reubent1,663 posts12-03-2016 7:35amPeople who don't consider resale must have better access to dealers, or other audiophiles, where they can audition equipment and insure they are making the best buying decisions. In much of the country quality hi-fi dealers are few and far between and opportunities to audition are severely limited. In this scenario, buying/trying is the only option. Knowing you can resale for little/no loss is key to auditioning different equipment.
Unless you have deep pockets, and like to foolishly blow money on your hobby, considering resale is a must for many.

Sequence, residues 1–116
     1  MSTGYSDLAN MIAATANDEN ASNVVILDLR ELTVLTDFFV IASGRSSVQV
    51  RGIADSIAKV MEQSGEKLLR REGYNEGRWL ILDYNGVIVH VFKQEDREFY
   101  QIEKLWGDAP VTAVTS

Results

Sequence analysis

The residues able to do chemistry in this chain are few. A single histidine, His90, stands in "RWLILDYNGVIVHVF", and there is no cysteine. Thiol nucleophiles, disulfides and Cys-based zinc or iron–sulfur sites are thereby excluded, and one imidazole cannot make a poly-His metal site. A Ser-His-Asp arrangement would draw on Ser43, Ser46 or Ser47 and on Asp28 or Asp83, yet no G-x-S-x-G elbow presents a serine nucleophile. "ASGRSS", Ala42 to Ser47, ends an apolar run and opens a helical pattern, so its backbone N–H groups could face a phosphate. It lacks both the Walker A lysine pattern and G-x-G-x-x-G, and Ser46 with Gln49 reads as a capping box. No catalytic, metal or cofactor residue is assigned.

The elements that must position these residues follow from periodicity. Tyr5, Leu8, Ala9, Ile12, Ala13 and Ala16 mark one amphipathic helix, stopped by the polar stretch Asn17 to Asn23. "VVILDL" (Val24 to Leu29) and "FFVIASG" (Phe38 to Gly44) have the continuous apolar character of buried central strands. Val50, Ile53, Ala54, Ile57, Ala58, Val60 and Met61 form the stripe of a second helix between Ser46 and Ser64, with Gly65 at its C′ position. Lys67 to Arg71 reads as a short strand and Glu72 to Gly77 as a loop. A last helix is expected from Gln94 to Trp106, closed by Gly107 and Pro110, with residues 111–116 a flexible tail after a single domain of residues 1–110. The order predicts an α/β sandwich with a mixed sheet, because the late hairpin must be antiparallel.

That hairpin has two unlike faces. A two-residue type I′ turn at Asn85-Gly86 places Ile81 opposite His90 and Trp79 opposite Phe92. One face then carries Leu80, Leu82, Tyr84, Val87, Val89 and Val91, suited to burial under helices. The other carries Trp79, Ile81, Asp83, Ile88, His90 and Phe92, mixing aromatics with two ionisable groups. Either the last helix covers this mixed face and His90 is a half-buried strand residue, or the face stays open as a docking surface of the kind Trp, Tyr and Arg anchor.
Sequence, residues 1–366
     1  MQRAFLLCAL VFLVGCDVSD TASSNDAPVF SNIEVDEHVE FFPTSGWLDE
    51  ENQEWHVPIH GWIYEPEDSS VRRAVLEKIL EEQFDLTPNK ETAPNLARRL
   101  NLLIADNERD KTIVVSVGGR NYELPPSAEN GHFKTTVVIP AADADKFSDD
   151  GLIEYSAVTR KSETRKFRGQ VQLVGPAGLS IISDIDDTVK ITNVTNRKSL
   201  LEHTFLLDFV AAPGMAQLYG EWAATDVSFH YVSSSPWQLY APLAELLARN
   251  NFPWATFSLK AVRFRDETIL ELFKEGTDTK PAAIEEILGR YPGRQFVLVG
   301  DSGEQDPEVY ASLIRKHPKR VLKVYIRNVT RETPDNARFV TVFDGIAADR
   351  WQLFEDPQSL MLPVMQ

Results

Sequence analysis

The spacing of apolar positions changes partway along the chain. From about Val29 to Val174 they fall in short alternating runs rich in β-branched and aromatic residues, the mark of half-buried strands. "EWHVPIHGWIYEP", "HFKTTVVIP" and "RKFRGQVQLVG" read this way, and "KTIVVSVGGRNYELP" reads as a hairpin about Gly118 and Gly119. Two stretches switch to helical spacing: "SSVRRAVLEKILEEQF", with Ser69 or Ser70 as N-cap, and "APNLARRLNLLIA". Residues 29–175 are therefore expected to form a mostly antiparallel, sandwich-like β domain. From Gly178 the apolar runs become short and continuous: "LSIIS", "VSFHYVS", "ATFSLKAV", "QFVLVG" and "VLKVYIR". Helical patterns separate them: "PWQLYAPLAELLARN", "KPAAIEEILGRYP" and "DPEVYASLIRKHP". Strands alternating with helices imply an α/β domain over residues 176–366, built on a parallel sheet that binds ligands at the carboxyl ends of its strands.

I've been in blind tests that have proven to me that I can't hear any difference in electronics or cables, so I never spend much on them and never plan to sell until I need a new feature ... which for my 2-channel system is NEVER (I run vintage equipment). So no need to worry much about resale for those. For speakers, first I look at objective measurements. This narrows the characteristics to speakers I know will likely fit the attributes I want. Then I generally buy used so someone else takes the depreciation hit. I assume that if I don't like them (highly unlikely if the measurements are extensive ... FR on- and off-axis, waterfalls, polars, etc.) I'll know it pretty quickly and I can sell them for near what I paid for them, so I don't even worry about resale. On top of that, I'm not subwoofer averse, so I don't have to lay out big bucks to get full range speakers. So I can try new speakers, but keep my same bottom end.